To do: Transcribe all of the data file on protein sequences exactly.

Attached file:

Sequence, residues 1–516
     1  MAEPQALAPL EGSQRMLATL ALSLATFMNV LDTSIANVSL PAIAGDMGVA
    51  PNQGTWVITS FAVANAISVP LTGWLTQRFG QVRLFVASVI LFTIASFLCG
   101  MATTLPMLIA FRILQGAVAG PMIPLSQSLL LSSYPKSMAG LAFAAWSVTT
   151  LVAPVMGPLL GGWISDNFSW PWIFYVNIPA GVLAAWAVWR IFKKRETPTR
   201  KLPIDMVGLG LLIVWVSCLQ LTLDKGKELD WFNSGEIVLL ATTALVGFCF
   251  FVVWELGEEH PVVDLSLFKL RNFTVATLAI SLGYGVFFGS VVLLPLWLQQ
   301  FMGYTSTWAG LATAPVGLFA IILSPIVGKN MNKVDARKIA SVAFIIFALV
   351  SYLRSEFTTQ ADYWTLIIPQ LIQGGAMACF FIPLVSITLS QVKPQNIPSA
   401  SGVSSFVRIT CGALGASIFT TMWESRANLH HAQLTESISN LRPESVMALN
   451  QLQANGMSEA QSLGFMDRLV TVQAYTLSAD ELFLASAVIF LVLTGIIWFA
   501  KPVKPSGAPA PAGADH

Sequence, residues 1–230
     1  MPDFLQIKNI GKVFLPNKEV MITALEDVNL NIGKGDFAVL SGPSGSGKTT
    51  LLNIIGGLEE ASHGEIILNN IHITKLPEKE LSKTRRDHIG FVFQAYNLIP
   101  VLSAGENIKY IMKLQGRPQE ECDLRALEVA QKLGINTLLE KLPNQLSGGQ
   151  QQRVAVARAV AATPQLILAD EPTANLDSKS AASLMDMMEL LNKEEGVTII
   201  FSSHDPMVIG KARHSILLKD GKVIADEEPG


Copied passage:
Sequence, residues 1–516
     1  MAEPQALAPL EGSQRMLATL ALSLATFMNV LDTSIANVSL PAIAGDMGVA
    51  PNQGTWVITS FAVANAISVP LTGWLTQRFG QVRLFVASVI LFTIASFLCG
   101  MATTLPMLIA FRILQGAVAG PMIPLSQSLL LSSYPKSMAG LAFAAWSVTT
   151  LVAPVMGPLL GGWISDNFSW PWIFYVNIPA GVLAAWAVWR IFKKRETPTR
   201  KLPIDMVGLG LLIVWVSCLQ LTLDKGKELD WFNSGEIVLL ATTALVGFCF
   251  FVVWELGEEH PVVDLSLFKL RNFTVATLAI SLGYGVFFGS VVLLPLWLQQ
   301  FMGYTSTWAG LATAPVGLFA IILSPIVGKN MNKVDARKIA SVAFIIFALV
   351  SYLRSEFTTQ ADYWTLIIPQ LIQGGAMACF FIPLVSITLS QVKPQNIPSA
   401  SGVSSFVRIT CGALGASIFT TMWESRANLH HAQLTESISN LRPESVMALN
   451  QLQANGMSEA QSLGFMDRLV TVQAYTLSAD ELFLASAVIF LVLTGIIWFA
   501  KPVKPSGAPA PAGADH

Sequence, residues 1–230
     1  MPDFLQIKNI GKVFLPNKEV MITALEDVNL NIGKGDFAVL SGPSGSGKTT
    51  LLNIIGGLEE ASHGEIILNN IHITKLPEKE LSKTRRDHIG FVFQAYNLIP
   101  VLSAGENIKY IMKLQGRPQE ECDLRALEVA QKLGINTLLE KLPNQLSGGQ
   151  QQRVAVARAV AATPQLILAD EPTANLDSKS AASLMDMMEL LNKEEGVTII
   201  FSSHDPMVIG KARHSILLKD GKVIADEEPG